One More Time
He wasn’t a god or a demon, or an angel, or anything like that. He never explained anything, so he wasn’t even a teacher, really. He was just a watcher. An observer. He ran the experiment, and he recorded what happened. That was all. He’d been doing that since the fall.
The Great Laboratory was even cleaner and whiter than the heaven he’d fallen from. Air-conditioned. Sterile. Every variable rigidly controlled by him, or by someone just like him.
He stood in front of the tank with a clipboard and pen, and if the subjects could see him at all, the refraction of the glass ensured they’d only see a vague green glow on their horizon.
They were not doing well.
He checked his watch. Half past the millennium and counting. The experiment was like watching plastic grass grow for a living.
All those identical planets turning slowly in their void-filled plexiglass tanks. The identical creatures on those identical planets bred and evolved, and trudged unwillingly toward self-awareness.
The process was long, even for someone who had existed since the dawn of creation, and tedious. He had done the experiment a hundred thousand times since then. Each iteration was a tiny corner of eternity that seemed like an eternity unto itself.
In tank number 6,783,924,806, the planet had already shifted from blue and green to gray and brown. The subjects were at odds. The animals he’d spent so much time building had begun to disappear, and new animals–strange and distorted animals raised on chemicals and want–had twisted unapologetically into existence.
The planet smoked a little, as its atmosphere escaped.
It was over. The little, bald, tailless creatures who truly believed they were made in God’s image had destroyed themselves again. Their planet was left barren. He noted the time and manner of death for the record.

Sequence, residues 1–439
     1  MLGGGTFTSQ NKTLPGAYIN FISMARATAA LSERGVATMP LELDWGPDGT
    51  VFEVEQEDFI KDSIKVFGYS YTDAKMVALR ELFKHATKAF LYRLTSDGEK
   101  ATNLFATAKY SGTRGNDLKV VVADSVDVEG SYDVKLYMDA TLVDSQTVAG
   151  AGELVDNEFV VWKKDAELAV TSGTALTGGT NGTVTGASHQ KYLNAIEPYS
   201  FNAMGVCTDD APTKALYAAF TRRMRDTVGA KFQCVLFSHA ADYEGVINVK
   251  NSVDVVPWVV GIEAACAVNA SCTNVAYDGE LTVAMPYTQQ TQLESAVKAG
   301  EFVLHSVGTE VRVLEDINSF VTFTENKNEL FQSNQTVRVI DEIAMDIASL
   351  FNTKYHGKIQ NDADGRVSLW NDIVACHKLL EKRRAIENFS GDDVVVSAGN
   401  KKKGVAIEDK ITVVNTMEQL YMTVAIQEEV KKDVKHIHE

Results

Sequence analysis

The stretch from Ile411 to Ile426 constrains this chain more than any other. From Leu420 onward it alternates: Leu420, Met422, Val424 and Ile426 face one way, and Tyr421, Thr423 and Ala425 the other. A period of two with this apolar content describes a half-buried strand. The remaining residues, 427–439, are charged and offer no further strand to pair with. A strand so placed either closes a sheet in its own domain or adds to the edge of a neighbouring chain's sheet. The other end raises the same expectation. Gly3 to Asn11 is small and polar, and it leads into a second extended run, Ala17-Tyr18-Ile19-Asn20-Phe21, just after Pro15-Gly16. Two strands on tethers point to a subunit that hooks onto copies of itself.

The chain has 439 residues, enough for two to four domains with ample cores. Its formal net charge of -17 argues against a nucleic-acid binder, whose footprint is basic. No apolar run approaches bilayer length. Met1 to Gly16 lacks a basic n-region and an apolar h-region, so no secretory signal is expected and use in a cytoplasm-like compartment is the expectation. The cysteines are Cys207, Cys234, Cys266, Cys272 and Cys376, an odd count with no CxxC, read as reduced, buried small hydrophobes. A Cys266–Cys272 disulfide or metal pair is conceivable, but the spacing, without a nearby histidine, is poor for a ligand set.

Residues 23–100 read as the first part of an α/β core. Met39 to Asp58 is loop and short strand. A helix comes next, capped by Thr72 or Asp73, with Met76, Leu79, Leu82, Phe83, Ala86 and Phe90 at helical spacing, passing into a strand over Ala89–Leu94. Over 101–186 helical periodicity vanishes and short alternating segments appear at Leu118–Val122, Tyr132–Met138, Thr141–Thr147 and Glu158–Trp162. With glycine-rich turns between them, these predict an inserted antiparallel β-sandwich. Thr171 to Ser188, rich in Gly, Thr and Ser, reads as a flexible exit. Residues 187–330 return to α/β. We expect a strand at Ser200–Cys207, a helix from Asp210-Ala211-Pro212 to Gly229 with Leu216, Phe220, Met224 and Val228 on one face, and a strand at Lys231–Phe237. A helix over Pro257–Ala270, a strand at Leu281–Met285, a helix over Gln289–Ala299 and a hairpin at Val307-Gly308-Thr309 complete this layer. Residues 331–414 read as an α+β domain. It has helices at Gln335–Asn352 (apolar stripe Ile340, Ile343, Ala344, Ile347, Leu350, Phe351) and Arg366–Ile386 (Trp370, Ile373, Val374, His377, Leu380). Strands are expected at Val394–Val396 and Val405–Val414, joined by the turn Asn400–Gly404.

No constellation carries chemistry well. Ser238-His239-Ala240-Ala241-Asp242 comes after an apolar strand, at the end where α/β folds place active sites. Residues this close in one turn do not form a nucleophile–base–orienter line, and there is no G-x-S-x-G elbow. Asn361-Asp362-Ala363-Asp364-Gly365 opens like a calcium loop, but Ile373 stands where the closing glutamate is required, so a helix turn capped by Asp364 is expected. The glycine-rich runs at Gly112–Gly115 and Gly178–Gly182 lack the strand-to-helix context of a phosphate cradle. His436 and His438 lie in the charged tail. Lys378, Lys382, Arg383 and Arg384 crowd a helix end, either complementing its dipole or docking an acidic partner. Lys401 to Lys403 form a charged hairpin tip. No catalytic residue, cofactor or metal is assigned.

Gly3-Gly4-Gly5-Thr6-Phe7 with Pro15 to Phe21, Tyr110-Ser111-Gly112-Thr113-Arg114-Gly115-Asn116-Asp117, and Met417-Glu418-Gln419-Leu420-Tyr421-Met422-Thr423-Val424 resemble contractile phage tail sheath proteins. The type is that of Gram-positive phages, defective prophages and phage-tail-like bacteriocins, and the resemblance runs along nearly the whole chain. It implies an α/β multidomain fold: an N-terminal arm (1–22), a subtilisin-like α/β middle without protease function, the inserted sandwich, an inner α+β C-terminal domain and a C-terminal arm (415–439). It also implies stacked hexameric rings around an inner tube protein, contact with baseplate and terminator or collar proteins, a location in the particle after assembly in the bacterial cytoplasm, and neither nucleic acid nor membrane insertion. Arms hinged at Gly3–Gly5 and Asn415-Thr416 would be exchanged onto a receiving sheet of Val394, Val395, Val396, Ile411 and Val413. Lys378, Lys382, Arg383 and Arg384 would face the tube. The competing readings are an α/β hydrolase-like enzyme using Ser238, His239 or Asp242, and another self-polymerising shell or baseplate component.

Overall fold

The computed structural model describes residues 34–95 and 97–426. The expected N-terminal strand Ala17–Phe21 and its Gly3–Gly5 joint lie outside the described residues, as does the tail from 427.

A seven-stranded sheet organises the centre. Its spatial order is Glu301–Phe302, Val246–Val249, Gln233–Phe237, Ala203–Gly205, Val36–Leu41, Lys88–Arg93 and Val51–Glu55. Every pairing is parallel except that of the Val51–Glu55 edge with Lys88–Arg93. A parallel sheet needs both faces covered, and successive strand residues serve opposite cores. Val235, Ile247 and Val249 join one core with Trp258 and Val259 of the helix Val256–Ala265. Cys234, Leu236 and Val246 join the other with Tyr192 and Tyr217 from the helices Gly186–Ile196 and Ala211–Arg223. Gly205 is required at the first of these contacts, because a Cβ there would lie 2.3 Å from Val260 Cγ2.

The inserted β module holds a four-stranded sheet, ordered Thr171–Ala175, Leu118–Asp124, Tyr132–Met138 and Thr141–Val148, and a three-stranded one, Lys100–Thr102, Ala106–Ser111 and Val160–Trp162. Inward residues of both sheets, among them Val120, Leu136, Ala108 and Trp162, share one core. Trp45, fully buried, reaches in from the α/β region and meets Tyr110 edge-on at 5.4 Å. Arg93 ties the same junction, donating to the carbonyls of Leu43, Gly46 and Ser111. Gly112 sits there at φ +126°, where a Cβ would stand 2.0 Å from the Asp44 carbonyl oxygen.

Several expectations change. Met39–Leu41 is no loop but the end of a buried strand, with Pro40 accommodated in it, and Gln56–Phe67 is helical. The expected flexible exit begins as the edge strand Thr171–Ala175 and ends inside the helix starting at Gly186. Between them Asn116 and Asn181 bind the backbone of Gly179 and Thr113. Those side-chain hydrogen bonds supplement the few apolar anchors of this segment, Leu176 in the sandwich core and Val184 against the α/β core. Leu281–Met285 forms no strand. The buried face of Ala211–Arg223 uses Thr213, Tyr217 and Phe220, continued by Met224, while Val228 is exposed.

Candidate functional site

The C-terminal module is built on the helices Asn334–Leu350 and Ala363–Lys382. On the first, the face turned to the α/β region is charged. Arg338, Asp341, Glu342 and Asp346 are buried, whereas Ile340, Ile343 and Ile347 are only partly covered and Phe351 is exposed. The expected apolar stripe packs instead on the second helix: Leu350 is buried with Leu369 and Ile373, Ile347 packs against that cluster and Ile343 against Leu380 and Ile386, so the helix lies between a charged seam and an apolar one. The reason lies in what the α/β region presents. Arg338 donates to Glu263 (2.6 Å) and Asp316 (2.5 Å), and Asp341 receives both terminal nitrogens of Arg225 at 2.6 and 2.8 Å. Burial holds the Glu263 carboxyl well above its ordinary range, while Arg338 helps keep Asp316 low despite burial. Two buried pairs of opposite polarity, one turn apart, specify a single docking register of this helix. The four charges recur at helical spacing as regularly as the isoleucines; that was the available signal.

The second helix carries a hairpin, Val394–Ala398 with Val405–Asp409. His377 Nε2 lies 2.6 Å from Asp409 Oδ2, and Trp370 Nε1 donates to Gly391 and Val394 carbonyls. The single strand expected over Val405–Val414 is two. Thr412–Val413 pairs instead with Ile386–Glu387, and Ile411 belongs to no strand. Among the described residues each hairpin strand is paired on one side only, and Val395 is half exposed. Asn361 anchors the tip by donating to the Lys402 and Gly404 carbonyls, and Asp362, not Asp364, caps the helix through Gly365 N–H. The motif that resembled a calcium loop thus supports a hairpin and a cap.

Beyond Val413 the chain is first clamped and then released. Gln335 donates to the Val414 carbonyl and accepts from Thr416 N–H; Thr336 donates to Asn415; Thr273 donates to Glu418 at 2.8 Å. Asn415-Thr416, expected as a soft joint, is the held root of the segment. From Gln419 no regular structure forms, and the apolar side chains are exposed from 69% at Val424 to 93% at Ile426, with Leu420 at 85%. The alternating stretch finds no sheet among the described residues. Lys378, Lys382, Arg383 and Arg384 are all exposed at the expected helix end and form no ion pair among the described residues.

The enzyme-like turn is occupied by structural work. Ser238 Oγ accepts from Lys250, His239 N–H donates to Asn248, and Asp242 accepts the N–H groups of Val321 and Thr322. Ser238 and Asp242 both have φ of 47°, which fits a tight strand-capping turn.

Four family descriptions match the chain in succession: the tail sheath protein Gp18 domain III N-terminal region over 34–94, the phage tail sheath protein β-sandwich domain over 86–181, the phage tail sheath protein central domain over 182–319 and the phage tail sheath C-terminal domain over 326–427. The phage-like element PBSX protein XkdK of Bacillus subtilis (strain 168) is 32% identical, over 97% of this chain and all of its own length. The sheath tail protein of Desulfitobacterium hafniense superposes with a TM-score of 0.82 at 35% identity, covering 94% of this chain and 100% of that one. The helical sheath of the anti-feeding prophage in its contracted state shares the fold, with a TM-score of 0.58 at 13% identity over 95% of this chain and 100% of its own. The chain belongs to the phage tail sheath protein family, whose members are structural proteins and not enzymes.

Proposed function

So, it was another failure. He’d expected that. Anticlimactic, really. He always hoped they would do better, but they always destroyed themselves. It was just a question of how. He wasn’t sure they were capable of any other outcome. Fire. Ice. Floods. Sometimes, there were explosions.
He salvaged what he could from the tank, and dumped the rest in the bin.
He sighed, and set up the tank again. The day was only half over. He’d have to run the experiment one more time.
Thanks for reading! Be sure you visit the other writers in the Storytime Blog Hop:
1. Trail Of Carnage by Jemma Weir
2. A Phoenix In Hell by Sabrina Rosen
3. Friends Of The Deep by G. Craddock
4. Collateral Damage by Nic Steven
5. A Ghost’s Life by Barbara Lund
6. A Startling Revelation by Bill Bush
7. A Hiding Place by Gina Fabio
8. A Family Reunion by Katharina Gerlach
9. Better Off Alone by V. S. Stark
10. A Day In The Life by James Husum
11. Nothing To Show by Elizabeth McCleary
12. Super Grammy (Radioactive Breakfast Cereal) by Vanessa Wells
13. Bone Killer by Juneta Key
14. One More Time by Karen Lynn <–You are Here